In other words, Americans can travel to Cuba without needing any special permission or approval from the U.S. government if their reason for travel falls within the scope of any of the 12 categories.
2. People-to-People Trips
People-to-People trips to Cuba were started to connect Americans and Cubans in a cultural exchange. The trips’ intent are to go beyond basic tourism and allow American visitors to meet and talk with Cuban artists, musicians, scientists, conservationists, and community volunteers. This interaction is to learn more about Cuba, its people, culture, and history while they, in turn, learn from the visiting Americans.
These trips have been organized and run by tour operators who were approved by the Office of Foreign Assets Control in strict accordance with the laws regarding the U.S.-Cuban relationship. People participating in these tours keep a tight, guided schedule of cultural activities.
A major criticism of these trips, though, is the price. A 10-day people-to-people trip to Cuba costs over $4000! As of March 2016, the only direct flights from the U.S. to Cuba are chartered flights specifically for these trips. The cost for the flight, several hundred dollars at the least, is in addition to the trip price!
Critics also point to the contrived and inauthentic people-to-people connection, rather than interacting with each other spontaneously and naturally.
On March 15th, 2016, it got easier and cheaper for Americans to travel to Cuba. Americans will no longer need to join a People-to-People Trip, but rather can plan their own people-to-people itinerary. According to the New York Times reporting on the further eased travel restrictions,
“Under Tuesday’s revisions, Americans who plan a trip with a full schedule of educational exchange activities, including interacting with Cuban people, will for the first time in decades be able to travel on their own to Cuba without special permission from the United States government.”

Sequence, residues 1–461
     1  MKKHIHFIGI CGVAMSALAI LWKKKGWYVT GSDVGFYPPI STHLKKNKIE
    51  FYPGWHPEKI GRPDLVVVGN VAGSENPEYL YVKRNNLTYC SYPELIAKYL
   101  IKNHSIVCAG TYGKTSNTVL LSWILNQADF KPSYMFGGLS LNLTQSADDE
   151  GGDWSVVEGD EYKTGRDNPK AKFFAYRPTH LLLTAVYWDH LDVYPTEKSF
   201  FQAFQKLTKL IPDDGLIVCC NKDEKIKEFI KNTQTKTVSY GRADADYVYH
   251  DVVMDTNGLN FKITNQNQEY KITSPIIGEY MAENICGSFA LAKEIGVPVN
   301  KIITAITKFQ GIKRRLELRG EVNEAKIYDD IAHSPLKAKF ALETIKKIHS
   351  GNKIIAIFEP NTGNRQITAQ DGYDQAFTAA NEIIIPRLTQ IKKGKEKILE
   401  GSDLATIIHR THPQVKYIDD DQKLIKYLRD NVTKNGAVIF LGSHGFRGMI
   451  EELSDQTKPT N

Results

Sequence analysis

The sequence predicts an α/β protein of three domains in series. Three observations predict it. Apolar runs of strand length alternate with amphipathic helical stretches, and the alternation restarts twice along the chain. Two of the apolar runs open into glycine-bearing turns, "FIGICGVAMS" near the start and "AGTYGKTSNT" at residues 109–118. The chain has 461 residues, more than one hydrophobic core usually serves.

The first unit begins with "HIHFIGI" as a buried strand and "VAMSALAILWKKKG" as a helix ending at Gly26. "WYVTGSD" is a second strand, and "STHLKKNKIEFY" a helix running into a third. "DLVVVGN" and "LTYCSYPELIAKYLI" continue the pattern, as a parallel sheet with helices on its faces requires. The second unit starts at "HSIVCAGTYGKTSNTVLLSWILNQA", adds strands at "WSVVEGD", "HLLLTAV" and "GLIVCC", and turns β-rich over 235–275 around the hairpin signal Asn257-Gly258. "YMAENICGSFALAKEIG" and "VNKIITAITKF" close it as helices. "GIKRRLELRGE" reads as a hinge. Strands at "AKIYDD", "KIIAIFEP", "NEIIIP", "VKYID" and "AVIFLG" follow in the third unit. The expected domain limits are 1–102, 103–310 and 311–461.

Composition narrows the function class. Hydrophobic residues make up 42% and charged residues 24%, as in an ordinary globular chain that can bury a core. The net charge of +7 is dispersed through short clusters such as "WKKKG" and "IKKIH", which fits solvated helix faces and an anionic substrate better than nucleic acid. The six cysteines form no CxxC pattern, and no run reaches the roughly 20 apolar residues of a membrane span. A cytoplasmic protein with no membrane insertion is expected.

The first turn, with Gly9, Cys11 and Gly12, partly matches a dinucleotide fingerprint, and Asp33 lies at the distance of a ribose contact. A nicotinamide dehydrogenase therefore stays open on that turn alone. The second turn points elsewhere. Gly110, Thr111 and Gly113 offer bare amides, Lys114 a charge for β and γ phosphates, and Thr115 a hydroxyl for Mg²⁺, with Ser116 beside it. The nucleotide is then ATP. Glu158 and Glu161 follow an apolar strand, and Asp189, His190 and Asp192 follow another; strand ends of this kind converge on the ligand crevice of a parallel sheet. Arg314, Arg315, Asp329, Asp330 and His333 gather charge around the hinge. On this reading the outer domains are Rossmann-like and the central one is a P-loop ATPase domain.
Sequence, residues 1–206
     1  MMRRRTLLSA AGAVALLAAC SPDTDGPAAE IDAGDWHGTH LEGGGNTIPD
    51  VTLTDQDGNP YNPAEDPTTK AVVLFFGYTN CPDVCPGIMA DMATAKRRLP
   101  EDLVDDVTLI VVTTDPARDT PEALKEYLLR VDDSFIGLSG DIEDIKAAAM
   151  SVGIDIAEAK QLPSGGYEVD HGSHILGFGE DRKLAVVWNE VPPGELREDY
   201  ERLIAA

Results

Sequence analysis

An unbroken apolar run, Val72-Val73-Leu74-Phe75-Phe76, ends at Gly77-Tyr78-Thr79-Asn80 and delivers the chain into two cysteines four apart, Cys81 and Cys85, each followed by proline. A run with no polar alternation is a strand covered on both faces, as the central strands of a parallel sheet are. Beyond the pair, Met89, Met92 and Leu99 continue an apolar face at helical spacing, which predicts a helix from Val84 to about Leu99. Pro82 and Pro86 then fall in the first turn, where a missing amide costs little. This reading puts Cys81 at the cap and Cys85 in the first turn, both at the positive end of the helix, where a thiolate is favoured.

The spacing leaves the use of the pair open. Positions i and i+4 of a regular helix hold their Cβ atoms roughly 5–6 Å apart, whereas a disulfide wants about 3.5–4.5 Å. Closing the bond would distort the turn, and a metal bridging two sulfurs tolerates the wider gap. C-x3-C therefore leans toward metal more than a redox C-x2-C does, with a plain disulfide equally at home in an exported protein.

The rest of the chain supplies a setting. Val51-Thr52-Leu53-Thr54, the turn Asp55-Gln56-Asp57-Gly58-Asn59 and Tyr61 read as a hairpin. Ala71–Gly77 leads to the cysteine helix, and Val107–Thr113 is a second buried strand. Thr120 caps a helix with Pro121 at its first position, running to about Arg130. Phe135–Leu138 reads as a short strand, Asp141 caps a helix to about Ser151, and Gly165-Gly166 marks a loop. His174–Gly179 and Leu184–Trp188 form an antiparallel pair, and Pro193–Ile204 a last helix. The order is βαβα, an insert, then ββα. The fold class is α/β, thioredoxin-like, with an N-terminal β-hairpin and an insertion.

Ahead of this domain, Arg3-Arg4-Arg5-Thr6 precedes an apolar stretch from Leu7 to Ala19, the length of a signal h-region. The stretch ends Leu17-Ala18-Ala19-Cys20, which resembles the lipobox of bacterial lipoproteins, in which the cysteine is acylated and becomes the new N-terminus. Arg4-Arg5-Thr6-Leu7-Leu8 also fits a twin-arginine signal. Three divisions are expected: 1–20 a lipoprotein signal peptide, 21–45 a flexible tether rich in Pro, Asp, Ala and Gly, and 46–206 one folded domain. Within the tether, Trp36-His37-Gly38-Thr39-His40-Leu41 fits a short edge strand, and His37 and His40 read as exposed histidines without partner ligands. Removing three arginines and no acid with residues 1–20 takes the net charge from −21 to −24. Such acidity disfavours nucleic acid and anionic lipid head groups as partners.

While Americans cannot go to Cuba to lounge on the beach and work on their tans, planning a trip to Cuba to visit museums, historic sights, and to culturally engage with the Cuban people can now be self-organized and self-guided. This makes Cuba accessible for a lot less money to any American who wants to visit for cultural and educational reasons.
Can Americans really plan a trip to Cuba?
Yes, as long as you can honestly approve yourself within 1 of the 12 categories or plan an independent people-to-people trip. Read more about the 12 categories here in this document issued and updated by the U.S. Department of the Treasury.
You should plan and keep to the specific itinerary you organized based on your reason for visiting. Keep a journal or log of how you spend your time in Cuba and keep all receipts. You should plan to save your journal and receipts for 5 years.
In the coming weeks, I’ll be publishing information about how I planned my trip to Cuba and how you can, too! I’ll also be sharing my photos and experiences on social media so I hope you’ll be following along and sharing as well!!
Do you want to travel to Cuba? Are you planning a trip to Cuba? Share below in the comments!
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Disclosure: This post is not legal advice. I am merely explaining my understanding of the new rules based on my own research. Each traveler to Cuba should check with the U.S. Government to make sure they’re in accordance with the most up-to-date rules regarding travel to Cuba.